24 October 2008
Jersey is well-placed to deal with the impact of the present turbulent international financial markets, and despite the recently agreed spending increases, the Island ’s financial position is still balanced and healthy over the forecast period, according to the Treasury and Resources Minister in his 2009 budget, published on Tuesday 21st October.
Senator Terry Le Sueur has also announced a range of benefits for low and middle earners to help them cope with recent price increases, particularly in food and fuel costs. Among the measures proposed are a five per cent increase in income tax thresholds, no fuel duty increase planned for 2009, and significant discounts for first time property buyers, including no stamp duty payable on homes worth up to £300,000 and a significant discount on stamp duty for properties of up to £400,000.
The Minister will also bring proposals alongside the budget to put in place the targeted benefits for those most affected by the higher food and fuel prices agreed by the States last month.
Commenting on the 2009 budget proposals, Senator Terry Le Sueur said: “Despite the increases in spending agreed following the amendments to the business plan our financial position is still balanced and healthy over the forecast period. Our policies have been successful in encouraging further real economic growth in 2007 which in turn has boosted tax revenues. While there are risks associated with the global credit crunch, as we move forward we are in a sound position to address these future challenges.”
”The increases in tax thresholds, together with associated enhancements to benefits for non-taxpayers, are designed to assist low and middle earners affected by food and fuel inflation, and also to help reduce the impact of GST. If approved, the increase in tax thresholds will mean a working couple with two children (one at university), paying £7,500 in mortgage interest, can earn more than £41,000 a year before they start to pay any income tax.”
He continued: “Meanwhile the removal of stamp duty on properties up to £300,000 and a bigger discount on stamp duty for first time buyers on homes up to £400,000 is intended to help people entering the property market at this difficult time.”
The Minister has accepted a recommendation by the Fiscal Policy Panel advising against any further transfers to the Stabilisation Fund at this stage, in recognition of the possibility that lower rates of economic growth will reduce tax revenues and increase public spending.
The Fiscal Policy Panel will be providing an update ahead of the budget which will take account of recent changes in global financial markets and will be available to inform the budget debate.
The budget proposals for 2009 focus on three main areas; income tax, impôts duty and stamp duty. A summary of the proposals follows:
increase tax exemption thresholds by 5% for 2009
Extend the range of incentives to save for retirement, including raising the level of pension contributions eligible for tax relief and recognising employer contributions into personal pension products.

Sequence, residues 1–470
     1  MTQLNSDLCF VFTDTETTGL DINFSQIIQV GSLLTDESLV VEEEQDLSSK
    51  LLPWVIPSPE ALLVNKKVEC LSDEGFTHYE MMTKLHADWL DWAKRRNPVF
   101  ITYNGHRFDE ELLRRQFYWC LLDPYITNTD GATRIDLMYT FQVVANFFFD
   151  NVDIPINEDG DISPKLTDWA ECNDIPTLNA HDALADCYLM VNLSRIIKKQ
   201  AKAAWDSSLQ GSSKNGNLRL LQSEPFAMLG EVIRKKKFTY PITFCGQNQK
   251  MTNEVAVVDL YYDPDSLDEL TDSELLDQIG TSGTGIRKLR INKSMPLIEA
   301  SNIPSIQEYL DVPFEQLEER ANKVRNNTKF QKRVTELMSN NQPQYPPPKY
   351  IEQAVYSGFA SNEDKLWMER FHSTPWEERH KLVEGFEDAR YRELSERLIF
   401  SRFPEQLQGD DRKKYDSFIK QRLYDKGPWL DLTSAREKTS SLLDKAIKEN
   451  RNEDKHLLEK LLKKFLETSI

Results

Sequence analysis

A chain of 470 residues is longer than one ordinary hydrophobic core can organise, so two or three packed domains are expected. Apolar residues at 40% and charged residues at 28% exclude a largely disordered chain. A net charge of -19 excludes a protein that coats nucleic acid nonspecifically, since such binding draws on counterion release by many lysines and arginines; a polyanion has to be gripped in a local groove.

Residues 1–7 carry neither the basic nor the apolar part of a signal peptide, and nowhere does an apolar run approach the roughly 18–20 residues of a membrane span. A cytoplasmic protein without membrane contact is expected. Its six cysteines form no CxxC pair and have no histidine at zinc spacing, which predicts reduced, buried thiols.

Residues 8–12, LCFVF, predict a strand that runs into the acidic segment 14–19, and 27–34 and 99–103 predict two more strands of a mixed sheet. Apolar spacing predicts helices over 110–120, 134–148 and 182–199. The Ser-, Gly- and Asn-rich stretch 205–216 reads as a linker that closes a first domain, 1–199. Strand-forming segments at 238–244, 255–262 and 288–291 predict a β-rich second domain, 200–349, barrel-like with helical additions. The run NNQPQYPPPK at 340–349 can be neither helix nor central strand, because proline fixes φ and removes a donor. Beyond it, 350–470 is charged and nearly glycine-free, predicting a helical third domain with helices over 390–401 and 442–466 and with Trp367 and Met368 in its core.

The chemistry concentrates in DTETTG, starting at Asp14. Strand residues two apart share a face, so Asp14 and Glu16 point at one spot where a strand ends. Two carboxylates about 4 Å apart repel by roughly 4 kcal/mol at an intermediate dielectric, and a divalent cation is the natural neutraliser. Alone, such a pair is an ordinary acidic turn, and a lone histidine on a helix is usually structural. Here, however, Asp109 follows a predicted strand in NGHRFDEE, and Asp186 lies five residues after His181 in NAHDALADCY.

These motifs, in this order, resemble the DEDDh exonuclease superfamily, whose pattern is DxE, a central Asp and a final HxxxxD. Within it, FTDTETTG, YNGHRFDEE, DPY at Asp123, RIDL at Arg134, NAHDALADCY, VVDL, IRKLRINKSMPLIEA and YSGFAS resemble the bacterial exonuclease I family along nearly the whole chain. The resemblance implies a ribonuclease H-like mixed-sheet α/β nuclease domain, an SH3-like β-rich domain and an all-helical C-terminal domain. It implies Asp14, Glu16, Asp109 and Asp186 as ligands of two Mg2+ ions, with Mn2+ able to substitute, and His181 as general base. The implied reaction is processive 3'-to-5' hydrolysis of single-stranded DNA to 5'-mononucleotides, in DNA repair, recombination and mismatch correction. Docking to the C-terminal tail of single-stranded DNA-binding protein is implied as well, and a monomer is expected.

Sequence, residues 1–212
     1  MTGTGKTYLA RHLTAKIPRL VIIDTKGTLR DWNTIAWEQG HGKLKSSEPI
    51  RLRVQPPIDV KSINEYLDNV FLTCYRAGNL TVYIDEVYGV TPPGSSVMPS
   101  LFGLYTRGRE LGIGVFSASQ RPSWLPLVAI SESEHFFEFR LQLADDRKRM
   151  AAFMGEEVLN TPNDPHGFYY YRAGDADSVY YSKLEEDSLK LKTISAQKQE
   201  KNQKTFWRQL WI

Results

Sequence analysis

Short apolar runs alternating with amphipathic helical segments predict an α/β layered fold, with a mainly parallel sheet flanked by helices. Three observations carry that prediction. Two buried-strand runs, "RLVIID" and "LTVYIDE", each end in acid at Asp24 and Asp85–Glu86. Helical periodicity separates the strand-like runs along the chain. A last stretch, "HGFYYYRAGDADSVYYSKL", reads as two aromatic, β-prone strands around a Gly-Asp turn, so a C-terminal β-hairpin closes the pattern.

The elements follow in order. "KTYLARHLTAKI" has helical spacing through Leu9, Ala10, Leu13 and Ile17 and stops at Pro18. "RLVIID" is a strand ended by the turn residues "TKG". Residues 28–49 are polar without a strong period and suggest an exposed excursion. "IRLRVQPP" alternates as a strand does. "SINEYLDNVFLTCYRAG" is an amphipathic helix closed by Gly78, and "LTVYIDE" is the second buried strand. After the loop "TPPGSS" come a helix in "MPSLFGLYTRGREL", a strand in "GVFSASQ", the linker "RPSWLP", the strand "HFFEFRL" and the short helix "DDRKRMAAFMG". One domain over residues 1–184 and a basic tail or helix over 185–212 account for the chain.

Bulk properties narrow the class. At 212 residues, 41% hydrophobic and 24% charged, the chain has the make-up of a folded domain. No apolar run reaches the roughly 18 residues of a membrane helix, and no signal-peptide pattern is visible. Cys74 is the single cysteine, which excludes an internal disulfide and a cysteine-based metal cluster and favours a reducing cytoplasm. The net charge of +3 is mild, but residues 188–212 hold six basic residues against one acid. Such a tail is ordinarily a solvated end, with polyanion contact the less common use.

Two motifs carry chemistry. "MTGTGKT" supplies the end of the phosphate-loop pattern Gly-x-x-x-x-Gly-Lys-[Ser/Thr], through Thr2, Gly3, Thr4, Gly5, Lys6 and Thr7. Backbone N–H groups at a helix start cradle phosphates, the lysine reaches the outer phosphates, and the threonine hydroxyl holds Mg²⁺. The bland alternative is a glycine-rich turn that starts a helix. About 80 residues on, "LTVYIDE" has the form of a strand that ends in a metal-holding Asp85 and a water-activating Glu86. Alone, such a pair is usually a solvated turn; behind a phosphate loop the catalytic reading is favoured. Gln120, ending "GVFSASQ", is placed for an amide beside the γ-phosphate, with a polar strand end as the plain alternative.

Extend child care tax relief to cover the employment of all nannies accredited to the Jersey Child Care Trust.
Introduce a new Deemed Rental Charge (the “Blampied” proposal) for non-finance non Jersey companies as part of the provisions within the 0/10% corporate tax structure.
Impôts Duty Proposals
Defer any increase in fuel duty on all road fuel for 2009;
Increase the duty on alcohol by 5.6% and on tobacco by 6% in accordance with the States alcohol and tobacco strategies, representing:
- 49 pence on a litre of spirits
- 6 pence on a bottle of wine
- 1 penny on a pint of ordinary beer
- 18 pence on a packet of 20 cigarettes
The Minister is proposing the deferral of any increase in fuel duty as part of a package of measures recognising the higher price of hydro-carbon fuels, and follows increases to benefits for winter fuel and income support in the Annual Business Plan.
Stamp Duty Proposals
Remove all stamp duty for first-time buyers up to £300,000
Increase a new band of £300,000 to £400,000 at which first-time buyers will also receive a discount on their stamp duty
Introduce a new Land Transactions Tax for residential property share transfer transactions in 2009
The new Land Transactions Tax for residential property share transfer transactions has been developed in response to a States decision in 2005 and is intended to increase the equity in the property market by introducing a tax equivalent to stamp duty for share transfer properties.
Review and Consultation
The Minister is also announcing that there are three main areas where reviews and/or consultation are intended during 2009:
- further options for a new environmental tax, required to provide revenues to support the longer-term environmental spending initiatives, as approved by the States in the Annual Business Plan 2009.
- potential further changes to stamp duty, which include;
- consideration of an increase in the bands of stamp duty for higher value properties;
- levels of duty on re-registration of existing borrowings; and
- the recommendation of the Corporate Services Scrutiny Panel to consult further on commercial property share transfer.
- the duty concession for marine pleasure craft (in conjunction with the Economic Development Department)
The Treasury Minister’s proposals will be debated by the States on 2 December 2008.